She also hosts an Internet radio program found at www.wsradio.com/copingwithcaregiving/. To listen to the show online, go to the Web site and download the free software (Windows Media Player, if you do not already have it) that lets you tap into the fast-growing world of Internet radio. On the show, Ms. Marcell gives caregiving news, provides information sources, and interviews experts about all facets of eldercare.
Home base, revisited
Where to establish a home base is a different puzzle for each full-timer, depending on their hometown loyalties, travel patterns, and other factors. However, if you are seeking a tax haven, these rankings from the Wall Street Journal may be of interest. Residents pay the highest state taxes in New York, followed by Maine, Ohio, Hawaii, and Rhode Island. The five states with the lowest taxes are Alaska, New Hampshire, Delaware, Tennessee, and Texas.
Rankings such as those mentioned above are, of course, subject to caveats. They apply only to state and local taxes as a percentage of income. For example, New York residents have a state and local tax burden of 12.9 percent of their total income; Ohioans 11.3 percent, and so on. Since some high-tax states don’t tax pensions, full-timers who live on retirement income may be better off there than in states with lower taxes. The total cost of living is, of course, another matter. To find out which states many FMCA full-timers are choosing to call their “home,” check out next month’s column for the results of the survey that appeared in the April 2004 issue of FMC.
A fellow writer who lives in Oregon drove deep into the outback to have lunch at a remote campground, only to be met by a sign saying, “Campground Closed Due to Repeated Vandalism.” Full-timers and their cell phones are often the first line of defense when public parks become the scene of a crime, a fire, vandalism, or poaching. As you travel, learn how these reports should be handled in each area, and keep phone numbers handy. Florida, for example, has a hotline solely for reporting poaching. Most public parks that are unstaffed at night provide campers with an emergency number.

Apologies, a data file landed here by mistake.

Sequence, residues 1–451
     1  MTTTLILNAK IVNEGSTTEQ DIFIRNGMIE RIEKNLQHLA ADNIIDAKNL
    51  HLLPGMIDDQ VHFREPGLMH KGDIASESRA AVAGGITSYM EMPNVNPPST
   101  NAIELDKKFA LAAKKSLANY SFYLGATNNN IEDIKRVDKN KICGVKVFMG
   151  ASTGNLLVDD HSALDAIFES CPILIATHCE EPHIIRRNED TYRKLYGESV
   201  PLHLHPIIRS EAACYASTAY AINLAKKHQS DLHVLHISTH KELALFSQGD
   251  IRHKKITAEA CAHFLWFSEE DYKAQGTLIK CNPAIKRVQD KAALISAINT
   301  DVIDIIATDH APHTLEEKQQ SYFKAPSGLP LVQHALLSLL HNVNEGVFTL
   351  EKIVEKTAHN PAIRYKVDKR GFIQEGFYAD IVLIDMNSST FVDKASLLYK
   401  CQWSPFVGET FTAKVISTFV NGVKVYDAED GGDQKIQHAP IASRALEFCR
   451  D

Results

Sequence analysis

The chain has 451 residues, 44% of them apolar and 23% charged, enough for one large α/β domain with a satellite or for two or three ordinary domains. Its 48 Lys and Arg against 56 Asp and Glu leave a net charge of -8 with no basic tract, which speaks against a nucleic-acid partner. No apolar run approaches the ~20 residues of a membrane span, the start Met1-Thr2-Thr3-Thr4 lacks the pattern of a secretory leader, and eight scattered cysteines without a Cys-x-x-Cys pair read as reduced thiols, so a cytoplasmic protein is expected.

I’m on a new soapbox on behalf of those full-timers who are not online, or whose Internet access is limited, unavailable in some areas, or very expensive on a per-minute basis. Even full-timers who have Internet access often prefer to use postal mailing addresses or toll-free numbers. Increasingly, the trend is to require Web access for everything from inquiries and complaints to contest entries and warranty fulfillment. When a company called me to ask that I publicize a contest that could be entered only online, my crusade took shape. “You’re shutting out some of my readers,” I told them, “So I can’t cover this contest at all.”
Am I right in thinking that many full-timers are not on the Internet at all, while others have limited Web access? Do you feel helpless when articles or instructions provide only a Web site for customer service or additional information? Please sound off!
The Last Frontier
For those who are drawn back to the state of Alaska time and again, Denali is a magical magnet. Dow Scoggins, who has been exploring Denali National Park and Preserve for 20 years, has published the most comprehensive book I’ve seen on visiting this national park. Discovering Denali, A Complete Reference Guide to Denali National Park and Mount McKinley, Alaska ($16.95) is invaluable in planning a safe and successful trip. It can be found at bookstores, through online booksellers, or from the publisher at www.iuniverse.com.
It isn’t too early to start planning your Alaska trek for the 2005 season. Only a handful of campsites in this national park can accommodate motorhomes; reservations can be made starting in December. Call (800) 622-7275, fax (907) 264-4684, or go to www.nps.gov/dena.